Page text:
The abortion rate in the United States declined to a 30-year low in 2011, according to a major study released Monday by the Guttmacher Institute.
In 2011, the rate of abortion was 16.9 per thousand women aged 15-44, down from its 1981 peak of 29.3 per thousand. The data show a steady decline since then.
The authors of the study, Rachel Jones and Jenna Jerman, didn’t probe reasons for the decline. But they observe that the period of time for the study was 2008-2011, before the unprecedented surge of new state-level abortion restrictions that began in the 2011 legislative session.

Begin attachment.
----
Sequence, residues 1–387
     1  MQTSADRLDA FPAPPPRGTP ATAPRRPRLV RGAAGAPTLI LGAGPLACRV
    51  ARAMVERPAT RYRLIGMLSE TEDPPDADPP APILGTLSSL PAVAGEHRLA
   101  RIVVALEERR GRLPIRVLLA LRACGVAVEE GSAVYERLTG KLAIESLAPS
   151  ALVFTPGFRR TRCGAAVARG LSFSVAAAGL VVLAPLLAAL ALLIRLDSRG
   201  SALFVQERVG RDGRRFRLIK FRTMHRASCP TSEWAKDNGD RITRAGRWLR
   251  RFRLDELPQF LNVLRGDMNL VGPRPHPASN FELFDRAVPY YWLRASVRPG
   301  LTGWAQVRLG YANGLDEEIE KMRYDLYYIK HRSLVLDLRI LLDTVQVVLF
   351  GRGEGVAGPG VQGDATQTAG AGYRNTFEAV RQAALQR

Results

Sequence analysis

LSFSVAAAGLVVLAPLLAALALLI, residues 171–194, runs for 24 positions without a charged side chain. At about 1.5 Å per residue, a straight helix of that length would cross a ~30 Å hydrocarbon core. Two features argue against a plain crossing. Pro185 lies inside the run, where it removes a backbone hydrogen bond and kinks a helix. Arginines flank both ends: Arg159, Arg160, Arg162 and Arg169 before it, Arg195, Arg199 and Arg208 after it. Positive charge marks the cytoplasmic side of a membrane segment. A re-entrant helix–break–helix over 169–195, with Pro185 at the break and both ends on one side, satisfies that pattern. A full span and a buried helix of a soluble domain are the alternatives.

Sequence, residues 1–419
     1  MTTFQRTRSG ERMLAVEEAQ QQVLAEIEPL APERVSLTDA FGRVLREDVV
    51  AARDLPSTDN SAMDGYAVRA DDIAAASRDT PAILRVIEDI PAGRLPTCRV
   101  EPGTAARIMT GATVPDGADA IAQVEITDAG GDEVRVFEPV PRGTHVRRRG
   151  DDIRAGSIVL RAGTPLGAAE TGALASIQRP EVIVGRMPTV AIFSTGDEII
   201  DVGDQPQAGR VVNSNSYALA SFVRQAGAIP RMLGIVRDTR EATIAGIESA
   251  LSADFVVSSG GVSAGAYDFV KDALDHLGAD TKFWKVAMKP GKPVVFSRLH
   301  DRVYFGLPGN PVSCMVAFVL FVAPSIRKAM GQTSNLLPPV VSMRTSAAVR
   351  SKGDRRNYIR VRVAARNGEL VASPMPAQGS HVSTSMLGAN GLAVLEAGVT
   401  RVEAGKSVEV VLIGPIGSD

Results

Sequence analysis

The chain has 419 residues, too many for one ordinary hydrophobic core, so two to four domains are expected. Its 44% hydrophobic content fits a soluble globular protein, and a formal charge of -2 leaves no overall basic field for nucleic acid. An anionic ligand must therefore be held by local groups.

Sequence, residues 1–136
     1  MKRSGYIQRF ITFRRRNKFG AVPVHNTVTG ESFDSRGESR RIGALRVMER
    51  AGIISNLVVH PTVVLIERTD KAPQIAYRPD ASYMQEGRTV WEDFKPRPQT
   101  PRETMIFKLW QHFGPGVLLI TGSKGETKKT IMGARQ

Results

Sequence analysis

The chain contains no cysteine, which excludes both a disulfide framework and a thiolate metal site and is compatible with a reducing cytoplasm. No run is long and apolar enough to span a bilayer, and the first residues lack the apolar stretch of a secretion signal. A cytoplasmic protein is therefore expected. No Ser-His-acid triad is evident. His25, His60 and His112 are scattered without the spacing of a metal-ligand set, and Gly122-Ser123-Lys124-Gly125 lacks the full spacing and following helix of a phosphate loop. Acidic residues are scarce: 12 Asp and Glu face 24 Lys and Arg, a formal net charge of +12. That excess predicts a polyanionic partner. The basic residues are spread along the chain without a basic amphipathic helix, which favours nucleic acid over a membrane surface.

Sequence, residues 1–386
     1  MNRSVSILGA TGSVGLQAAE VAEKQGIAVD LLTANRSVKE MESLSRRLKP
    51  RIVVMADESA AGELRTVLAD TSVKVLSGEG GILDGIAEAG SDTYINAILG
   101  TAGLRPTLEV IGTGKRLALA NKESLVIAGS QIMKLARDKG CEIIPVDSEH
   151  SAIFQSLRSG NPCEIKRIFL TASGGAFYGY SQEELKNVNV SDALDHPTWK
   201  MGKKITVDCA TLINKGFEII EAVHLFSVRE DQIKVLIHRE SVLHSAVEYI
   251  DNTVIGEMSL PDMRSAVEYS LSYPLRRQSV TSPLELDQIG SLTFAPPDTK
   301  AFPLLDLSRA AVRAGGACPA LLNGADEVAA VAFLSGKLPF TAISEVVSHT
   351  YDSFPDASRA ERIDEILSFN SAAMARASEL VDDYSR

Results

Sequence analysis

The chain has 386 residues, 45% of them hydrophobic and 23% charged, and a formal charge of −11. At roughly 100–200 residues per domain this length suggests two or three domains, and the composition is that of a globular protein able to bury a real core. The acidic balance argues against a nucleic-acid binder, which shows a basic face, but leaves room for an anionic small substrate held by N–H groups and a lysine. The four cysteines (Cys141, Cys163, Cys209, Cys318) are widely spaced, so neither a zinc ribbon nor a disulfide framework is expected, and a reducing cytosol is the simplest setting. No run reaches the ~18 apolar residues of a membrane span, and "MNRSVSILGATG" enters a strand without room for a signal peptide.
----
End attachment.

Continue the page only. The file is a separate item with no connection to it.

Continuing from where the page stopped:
“With abortion rates falling in almost all states, our study did not find evidence that the national decline in abortions during this period was the result of new state abortion restrictions. We also found no evidence that the decline was linked to a drop in the number of abortion providers during this period,” said Jones. “Rather, the decline in abortions coincided with a steep national drop in overall pregnancy and birth rates. Contraceptive use improved during this period, as more women and couples were using highly effective long-acting reversible contraceptive methods, such as the IUD. Moreover, the recent recession led many women and couples to want to avoid or delay pregnancy and childbearing.”